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Print Edition> Nation
UPDATED: September 13, 2010 NO. 37 SEPTEMBER 16, 2010
Amending Death Rules
China's Criminal Law is being revised to cut down on death sentences and tighten up punishment for surging crimes

The eighth amendment to the Criminal Law, demanding more prudent use of capital punishment, has triggered hot debates in China after it was presented to the Standing Committee of the National People's Congress (NPC), China's top legislature, for the first reading at the end of August.

The draft has been publicized on the website of the NPC Standing Committee to solicit public opinions until the end of September. There might be several readings before the amendment is ratified.

The amendment is meant to further implement the policy of tempering justice with mercy, according to a statement by the Chairmen's Council of the NPC Standing Committee.

Currently, 68 crimes are punishable by the death penalty in China. However, the draft amendment eliminates capital punishment for 13 economic-related non-violent offences, a drop of 19.1 percent.

The 13 crimes no longer punishable by death include smuggling cultural relics, gold, silver, and other precious metals and rare animals and their products; falsely issuing exclusive value-added tax invoices to defraud export tax refunds or offset taxes; and teaching methods for committing crimes, among others.

If the amendment becomes law, it would be the first time the number of crimes subject to the death penalty has been reduced since the People's Republic of China enacted its Criminal Law in 1979.

It will also be a major move by China to limit the use of the death penalty since the Supreme People's Court resumed the review and approval of all death penalty decisions in 2007.

Yuan Bin, an associate professor with the College for Criminal Law Science at Beijing Normal University and a long-time researcher of the Criminal Law, told Xinhua News Agency that Chinese public in general have changed from staunch supporters for the death penalty to believers in the ultimate elimination of death penalty.

"This is a landmark on our way to restricting capital punishment sentences until abolishing them for good," said Yuan.

While many NPC Standing Committee members support taking the 13 crimes off the list of offences deserving capital punishment, some voiced their opposition. Cong Bin, an NPC Standing Committee member, told Workers' Daily that the fact that those 13 crimes had been rarely applied for capital punishment should not be cited as an excuse to cancel them as their existence serves as deterrence. "Just like we cannot throw away our A-bombs," he said.

The draft amendment also allows for leniency to offenders younger than 18 or older than 75.

Previously, only those under 18 at the time a crime was committed, and women pregnant at the time of the hearing, were exempt from capital punishment.

However, during the first reading of the draft, many members of the NPC Standing Committee questioned the necessity of the 75-year-old standard. Rita Fan Hsu Lai-Tai, a member of the NPC Standing Committee, was quoted by Workers' Daily as saying "a 75-year-old should be responsible for his or her acts. While some people of that age are very fragile, some are healthy and capable to commit crimes. My concern is that some people might wait to reach 75 to commit a serious crime after such a clause was put in place."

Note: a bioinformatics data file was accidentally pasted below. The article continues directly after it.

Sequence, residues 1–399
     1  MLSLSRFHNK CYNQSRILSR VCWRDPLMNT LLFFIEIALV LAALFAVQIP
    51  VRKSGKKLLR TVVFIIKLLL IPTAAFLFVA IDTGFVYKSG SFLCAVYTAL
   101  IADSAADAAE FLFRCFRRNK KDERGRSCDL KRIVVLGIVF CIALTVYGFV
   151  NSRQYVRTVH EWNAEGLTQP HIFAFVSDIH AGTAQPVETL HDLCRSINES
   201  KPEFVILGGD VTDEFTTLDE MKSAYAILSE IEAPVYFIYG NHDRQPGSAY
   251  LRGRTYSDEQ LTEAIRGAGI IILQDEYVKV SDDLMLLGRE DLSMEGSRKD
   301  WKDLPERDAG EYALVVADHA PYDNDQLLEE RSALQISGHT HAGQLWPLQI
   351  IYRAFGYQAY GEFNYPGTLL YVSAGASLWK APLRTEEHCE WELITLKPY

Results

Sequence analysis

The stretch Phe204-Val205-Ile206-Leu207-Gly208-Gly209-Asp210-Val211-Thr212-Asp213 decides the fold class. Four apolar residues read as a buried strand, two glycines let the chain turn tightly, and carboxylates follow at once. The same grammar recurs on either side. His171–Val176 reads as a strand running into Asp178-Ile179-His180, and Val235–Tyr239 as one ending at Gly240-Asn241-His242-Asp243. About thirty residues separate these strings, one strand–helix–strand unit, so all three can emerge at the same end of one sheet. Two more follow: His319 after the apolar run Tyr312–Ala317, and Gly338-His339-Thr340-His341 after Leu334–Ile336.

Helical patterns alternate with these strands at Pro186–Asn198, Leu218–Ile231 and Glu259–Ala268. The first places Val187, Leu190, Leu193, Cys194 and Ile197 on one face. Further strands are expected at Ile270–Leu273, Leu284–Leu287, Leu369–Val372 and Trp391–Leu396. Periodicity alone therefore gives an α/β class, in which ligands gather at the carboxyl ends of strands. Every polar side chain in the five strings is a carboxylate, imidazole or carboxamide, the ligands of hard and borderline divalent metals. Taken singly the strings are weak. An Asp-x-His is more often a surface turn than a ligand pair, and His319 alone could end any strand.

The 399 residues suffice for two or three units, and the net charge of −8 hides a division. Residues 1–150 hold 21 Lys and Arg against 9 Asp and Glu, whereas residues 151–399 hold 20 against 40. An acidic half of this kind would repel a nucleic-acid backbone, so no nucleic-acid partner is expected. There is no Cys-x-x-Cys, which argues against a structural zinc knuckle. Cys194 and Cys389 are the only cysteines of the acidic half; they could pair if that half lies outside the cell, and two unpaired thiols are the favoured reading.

Acts that endanger the public and draw complaints, including drunk driving, street racing, defaulting on salary payment to employees and human organ trading, have been written into the draft amendment as crimes.

Drunk drivers and street racers may face imprisonment and fines if the amendment is passed.

In the draft, convicted drunk drivers and street racers may face forced labor while in detention for one to six months and be fined if "their actions are of a vile nature."

According to Xinhua, NPC Standing Committee member Qiao Chuanxiu suggested all drunk driving offense, regardless of whether it results in an accident, should be punished as crimes, arguing that drunk driving is itself an act of subjective intention and its potential social harms are considerable.

Member Fang Xin said the draft amendment needs to clarify the definition of "vile nature"—whether to convict a driver according to the consequences of his act or by the act itself.

Drunk driving and street racing are only subject to administrative or civil penalties. Drunk drivers are usually detained for 15 days, according to the Law on Road Traffic Safety.

As organized crime has become a threat to the public in some parts of China, the amendment offers a definition of an "organization in the nature of a criminal syndicate" and lists tougher punishments for crimes by such organizations.

It also stipulates confiscation of assets for ringleaders and fines for members of such organizations. Government employees who provide protection to organized crime may face at least five years in prison.

In a bid to better protect disadvantaged groups, those convicted of forcing others to work may face penalties of up to seven years in prison, instead of only three years, and those who provide assistance to people organizing others for prostitution may face up to 10 years in prison.

Several forced labor scandals have come to light in China in recent years, including the one making headlines in 2007, when a brick-kiln boss in north China's Shanxi Province was found to have forced 1,340 people into labor, 367 of whom were mentally handicapped.


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